SUP Surfing at San Onofre, Southern California’s iconic surf beach
San Onofre. The very name instantly conjures up a specific image in the minds of surfers. It is a destination for many and the home break for those fortunate to live in and around the quintessential Southern California surfing towns of Dana Point and San Clemente. The narrow strip of land which makes up the California State Beach is nestled at the base of deteriorating dirt cliffs and the Pacific Ocean. Its footprint is gradually disappearing due to erosion from the waves. The process was hastened by winter storm damage last winter when a section of the dirt parking lot was swept away at the southern end of San Onofre in the section known as Dog Patch.
It is there at Dog Patch where paddle surfers, not just SUPers, can be found. As visitors and locals already know, the iconic surf beach segregates all paddle surfers into a separate area away from other surfers. On any given day SUP surfers can be seen chasing waves off the southern end of San Onofre. Practicing their sport and honing their skills away from the congested lineup of prone surfers on the breaks further north.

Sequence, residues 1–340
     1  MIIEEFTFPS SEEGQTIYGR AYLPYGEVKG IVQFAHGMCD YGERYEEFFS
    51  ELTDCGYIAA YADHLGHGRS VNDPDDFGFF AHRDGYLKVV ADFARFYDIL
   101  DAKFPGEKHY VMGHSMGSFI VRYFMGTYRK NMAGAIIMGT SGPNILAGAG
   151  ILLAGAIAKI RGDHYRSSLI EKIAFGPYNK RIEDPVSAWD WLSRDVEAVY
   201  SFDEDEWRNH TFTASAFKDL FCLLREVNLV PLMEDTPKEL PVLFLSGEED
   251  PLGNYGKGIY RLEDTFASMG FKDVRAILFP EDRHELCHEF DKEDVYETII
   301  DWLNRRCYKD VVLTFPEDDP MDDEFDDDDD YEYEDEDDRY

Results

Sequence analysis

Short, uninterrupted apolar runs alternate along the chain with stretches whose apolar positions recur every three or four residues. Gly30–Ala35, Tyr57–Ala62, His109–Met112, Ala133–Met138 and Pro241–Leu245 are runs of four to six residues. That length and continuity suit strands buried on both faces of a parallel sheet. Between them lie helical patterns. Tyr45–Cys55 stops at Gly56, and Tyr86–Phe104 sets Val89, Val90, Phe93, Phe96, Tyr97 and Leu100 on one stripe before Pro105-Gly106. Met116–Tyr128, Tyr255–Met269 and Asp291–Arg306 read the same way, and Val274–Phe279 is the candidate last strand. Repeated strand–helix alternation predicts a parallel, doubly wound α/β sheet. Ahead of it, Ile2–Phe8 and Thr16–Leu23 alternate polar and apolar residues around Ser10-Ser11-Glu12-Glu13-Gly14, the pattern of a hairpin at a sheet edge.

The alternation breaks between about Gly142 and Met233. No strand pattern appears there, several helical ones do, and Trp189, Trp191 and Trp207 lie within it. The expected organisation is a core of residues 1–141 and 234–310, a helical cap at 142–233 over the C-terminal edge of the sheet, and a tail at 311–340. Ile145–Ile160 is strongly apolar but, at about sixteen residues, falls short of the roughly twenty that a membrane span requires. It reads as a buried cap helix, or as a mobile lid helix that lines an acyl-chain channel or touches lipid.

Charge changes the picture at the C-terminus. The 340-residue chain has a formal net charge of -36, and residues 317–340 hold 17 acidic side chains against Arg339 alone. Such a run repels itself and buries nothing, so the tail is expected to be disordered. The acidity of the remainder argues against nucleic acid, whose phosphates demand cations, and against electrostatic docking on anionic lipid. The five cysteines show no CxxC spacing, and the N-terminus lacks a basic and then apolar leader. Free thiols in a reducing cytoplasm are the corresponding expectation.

The waves are San Onofre are relatively slow and not as forceful when compared to some breaks, say Salt Creek in Dana Point or Oceanside. Long boarders have long favored San Onofre for this reason and the waves there are seemingly custom-made for standup paddling. Combining the best of both worlds, performance long board style and the thrill of SUP surfing, San Onofre may be considered one of the godfathers of the Infinity New Deal given the location’s unmistakable inspiration on the conscience of it shaper.
For this reason, a part of me feels that I am bringing the New Deal home whenever I visit San Onofre. The thrill of surfing there is comparable to playing hockey on home ice, even though the break is over 70 miles away from my house in LA. Hardly my local by any stretch, but familiar enough to call home.